Kate's Queen City Notes

Blundering through Cincinnati, laughing all the way


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Facebook Vacation

I’ve been feeling dissatisfied with Facebook for the last several months. Partially, I don’t think it enriches my life, and that I could do with more boredom rather than filling every space with scrolling. That I’ve become more thoughtful about Facebook’s impact on me emotionally and intellectually is probably a consequence of reading this book.

Capture

It’s challenged me to be more intentional with how I engage with technology. I am curious to see what my life with less Facebook and more blogging might feel like. I’ve fallen out of the habit of writing, and I have a vague sense that I miss it even while I feel no buring desire to write about anything in particular.

This alone would be sufficient to compel me to minimize my use, but Mark Zuckerberg keeps giving me more reasons. In his recent testimony to Congress he rewrote history saying that the primary purpose of Facebook was to protest the Iraq War. This is a bald face lie. He was having a sad as his ex girlfriend and created Harvard hot or not. There wasn’t any functionality to editorialize, so this lie is so egregious he might have said Facebook was created to cure cancer and been wrong in the same order of magnitude.

Years ago, I became convinced that Facebook as a news aggregator did a piss-poor job. I cultivated a Feedly account in the meantime, and am now perfectly happy with what it shows me. And for unknown reasons, my Feedly feed doesn’t make me angry or anxious to the degree that news on Facebook does. My assumption is that when I am not seeing my friends’ editorial take on links to articles, I approach the same content with a more neutral emotional affect. So, I get less self-righteous anger with those whom I agree and less conflict with those whom I don’t agree.

Armed with my Feedly account, I am ready to remain informed without Facebook. Today I am testing out whether my blog auto-posts to Facebook. Once I get that working, I am going Facebook dark for the month of December. If you want to reach me, comment here on wordpress, text, or email. Let’s see how I feel after a month of blogging and no social media.

(Note: I have Twitter, but I don’t ever log in. I don’t have Instagram. Hence, Facebook is the only social media site I regularly connect to.)


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100 Books While 40: OUT OF AFRICA

Title: OUT OF AFRICA
Author: Isak Dinesen
Published: 1937

When I try to imagine interacting with a foreigner who acts and speaks in a way that lays bare their assumed ownership of my homeland and my unending indentured servitude to them I simply cannot. This is so far from my lived reality that I simply cannot put myself in that space. And that is my privilege.

This book is soaked in colonialism and entitlement. The entire continent of Africa, including all of its people is just a thing for the consumption of wealthy, affected Europeans looking to tell their peers of their exotic adventures. All the genuinely affectionate and beautiful prose dedicated to the beauty of the country and its people is soured because I cannot forget for even a moment how the continent’s present has been shaped by its past exploitation.

I’m sure my awareness was driven by my recent listening to Seeing White, a series on the Scene on Radio podcast. I cannot recommend this podcast enough, but be prepared to feel unsettled. At it’s core, that podcast made me confront what the real legacy of whiteness is. And in short it’s exploitation, theft, and power. And the only reason we can pretend that’s not the case is because we wrote history and cast ourselves in the hero role.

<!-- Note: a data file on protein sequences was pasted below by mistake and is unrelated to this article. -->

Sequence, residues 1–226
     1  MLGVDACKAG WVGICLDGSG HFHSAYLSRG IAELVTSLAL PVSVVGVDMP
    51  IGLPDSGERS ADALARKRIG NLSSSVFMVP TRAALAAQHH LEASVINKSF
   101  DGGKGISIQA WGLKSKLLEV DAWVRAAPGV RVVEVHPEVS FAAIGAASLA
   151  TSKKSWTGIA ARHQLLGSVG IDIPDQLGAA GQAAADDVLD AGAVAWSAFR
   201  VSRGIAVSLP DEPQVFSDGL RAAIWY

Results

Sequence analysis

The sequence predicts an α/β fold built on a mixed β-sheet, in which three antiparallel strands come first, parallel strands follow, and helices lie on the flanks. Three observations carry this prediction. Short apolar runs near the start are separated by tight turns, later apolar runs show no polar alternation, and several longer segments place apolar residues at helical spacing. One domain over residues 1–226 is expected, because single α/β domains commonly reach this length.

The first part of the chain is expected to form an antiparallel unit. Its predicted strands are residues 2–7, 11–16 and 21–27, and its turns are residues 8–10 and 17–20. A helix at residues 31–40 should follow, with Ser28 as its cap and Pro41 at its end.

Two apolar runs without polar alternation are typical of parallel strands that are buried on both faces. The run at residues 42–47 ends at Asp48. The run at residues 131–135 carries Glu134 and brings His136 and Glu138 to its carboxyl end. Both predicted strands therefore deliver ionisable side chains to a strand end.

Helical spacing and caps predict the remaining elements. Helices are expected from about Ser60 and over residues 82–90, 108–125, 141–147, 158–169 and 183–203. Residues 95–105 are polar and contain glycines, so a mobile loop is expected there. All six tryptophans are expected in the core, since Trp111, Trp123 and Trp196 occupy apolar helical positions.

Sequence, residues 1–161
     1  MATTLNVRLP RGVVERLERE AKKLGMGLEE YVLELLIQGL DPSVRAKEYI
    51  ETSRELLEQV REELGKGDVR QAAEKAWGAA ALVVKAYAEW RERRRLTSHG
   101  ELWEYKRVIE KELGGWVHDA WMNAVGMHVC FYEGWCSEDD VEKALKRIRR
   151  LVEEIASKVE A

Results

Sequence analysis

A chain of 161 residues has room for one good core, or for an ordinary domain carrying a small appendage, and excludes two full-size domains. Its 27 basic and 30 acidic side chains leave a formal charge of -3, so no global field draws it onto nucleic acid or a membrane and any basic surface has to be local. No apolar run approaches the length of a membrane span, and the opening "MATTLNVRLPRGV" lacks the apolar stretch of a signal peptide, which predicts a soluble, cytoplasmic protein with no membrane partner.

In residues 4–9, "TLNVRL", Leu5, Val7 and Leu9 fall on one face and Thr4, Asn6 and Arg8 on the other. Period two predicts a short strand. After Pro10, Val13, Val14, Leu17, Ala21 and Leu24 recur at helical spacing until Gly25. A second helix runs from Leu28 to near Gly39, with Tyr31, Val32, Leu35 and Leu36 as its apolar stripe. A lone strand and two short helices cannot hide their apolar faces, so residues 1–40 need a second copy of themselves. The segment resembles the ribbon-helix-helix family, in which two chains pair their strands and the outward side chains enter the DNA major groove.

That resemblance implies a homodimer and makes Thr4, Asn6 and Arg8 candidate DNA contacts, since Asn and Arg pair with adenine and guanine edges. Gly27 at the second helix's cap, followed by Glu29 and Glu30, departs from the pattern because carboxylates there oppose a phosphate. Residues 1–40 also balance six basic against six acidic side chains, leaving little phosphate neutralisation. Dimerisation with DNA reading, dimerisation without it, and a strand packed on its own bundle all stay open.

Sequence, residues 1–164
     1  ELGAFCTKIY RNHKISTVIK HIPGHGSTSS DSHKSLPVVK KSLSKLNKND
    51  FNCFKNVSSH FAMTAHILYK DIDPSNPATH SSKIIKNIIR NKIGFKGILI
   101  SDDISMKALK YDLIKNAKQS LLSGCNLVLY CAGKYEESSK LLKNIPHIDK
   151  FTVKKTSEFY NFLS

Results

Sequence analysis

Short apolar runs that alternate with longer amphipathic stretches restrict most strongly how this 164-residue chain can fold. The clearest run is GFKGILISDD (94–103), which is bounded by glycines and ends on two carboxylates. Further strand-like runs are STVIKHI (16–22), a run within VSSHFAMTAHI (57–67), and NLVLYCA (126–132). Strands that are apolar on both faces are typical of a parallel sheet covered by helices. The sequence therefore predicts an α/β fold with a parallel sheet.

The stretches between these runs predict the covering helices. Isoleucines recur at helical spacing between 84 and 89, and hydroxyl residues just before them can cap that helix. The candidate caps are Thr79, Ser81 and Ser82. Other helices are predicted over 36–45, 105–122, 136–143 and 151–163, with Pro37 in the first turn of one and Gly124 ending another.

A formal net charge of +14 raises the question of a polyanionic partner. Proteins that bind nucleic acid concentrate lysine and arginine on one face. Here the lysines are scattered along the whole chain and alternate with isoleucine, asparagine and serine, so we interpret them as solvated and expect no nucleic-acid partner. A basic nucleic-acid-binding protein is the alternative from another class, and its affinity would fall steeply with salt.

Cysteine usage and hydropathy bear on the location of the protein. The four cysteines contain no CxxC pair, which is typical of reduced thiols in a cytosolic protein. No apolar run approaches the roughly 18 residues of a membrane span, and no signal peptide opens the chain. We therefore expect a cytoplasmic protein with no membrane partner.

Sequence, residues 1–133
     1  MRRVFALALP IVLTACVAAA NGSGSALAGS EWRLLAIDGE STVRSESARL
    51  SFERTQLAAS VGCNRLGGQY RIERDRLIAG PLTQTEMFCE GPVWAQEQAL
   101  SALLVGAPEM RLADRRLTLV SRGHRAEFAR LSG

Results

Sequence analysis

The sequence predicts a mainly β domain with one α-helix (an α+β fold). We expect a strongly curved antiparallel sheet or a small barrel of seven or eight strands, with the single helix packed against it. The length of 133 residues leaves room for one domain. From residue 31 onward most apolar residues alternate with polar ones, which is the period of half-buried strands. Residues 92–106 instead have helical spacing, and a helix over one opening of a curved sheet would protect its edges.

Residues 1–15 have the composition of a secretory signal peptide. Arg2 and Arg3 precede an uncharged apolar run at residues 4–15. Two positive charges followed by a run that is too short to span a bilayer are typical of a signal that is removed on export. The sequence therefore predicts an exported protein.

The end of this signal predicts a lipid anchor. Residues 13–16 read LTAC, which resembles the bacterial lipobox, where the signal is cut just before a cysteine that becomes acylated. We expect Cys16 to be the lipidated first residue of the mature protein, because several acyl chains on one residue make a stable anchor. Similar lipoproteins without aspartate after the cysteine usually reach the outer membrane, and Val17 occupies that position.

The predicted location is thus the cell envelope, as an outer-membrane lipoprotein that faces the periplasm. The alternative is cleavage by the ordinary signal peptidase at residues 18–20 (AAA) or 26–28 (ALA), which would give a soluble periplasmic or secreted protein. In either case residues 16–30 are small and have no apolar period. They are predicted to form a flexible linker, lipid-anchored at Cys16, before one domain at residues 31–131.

I am struck now by how desperate we, and by we I mean white people, are to hold on to that hero role. White men are clinging to their armories even in the face of their children dying because it furthers their hero fantasies. What an incredible thing. We love our stories more than our kids.

I was so relieved when I reached the last page of this book. You don’t need to read this book. The same delusions in the book are still acting on us today.


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100 Books While 40: GUNS, GERMS, AND STEEL

Book: Guns, Germs, and Steel
Author: Jared Diamond
Published: 1997

White people came to dominate the globe not due to inherent superior intellect but due to geographical advantages. Also, people are horrible. That’s my summary of this book.

This book is fascinating, but also very difficult to get through. History’s story arc is mostly thus, bully takes advantage of the powerless to pointlessly expand his power and yet still dies anyway. The end. And the retelling of this same story arc is exhausting. The science parts of the book are fascinating, but cannot over come the emotional drain.

The only way I was able to make it through this book was by listening to the audio book. Which essentially means I could zone out for some parts when I couldn’t listen to was felt like the 115th story about people killing off species of animals or other humans just because.

This dark reality was particularly hard to take given politics today. That story… Bully kills and consumes with impunity until he dies. The end. Here we are again.


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100 Books While 40: ALICE MUNRO: SELECTED STORIES

Book: Alice Munro: Selected Stories
Author: Alice Munro
Published: 1996

I lost control of the URL for my blog. It took several months for me to reclaim it. That would be a good reason to have several months without a post. But it has been more than that. I haven’t been to shows or reading, and since those were typically my topics I haven’t written.

I’ve been missing the blogging, not so much because I’ve had much to say, but because it motivated me to read. I’m not sure why I can articulate why I withhold reading from myself. So. Here’s a halting start to the blogging so as to start the reading.

I finished Alice Munro’s short stories months ago, and now I am only left with a vague feeling of wistfulness for her stories with their domesticated desperation. Regardless of the objective level of drama in our lives subjectively we still have the highest highs and lowest lows. I put down her stories with the gentle ache that we each face our own unique circumstances to the same universal heartbreak and joy.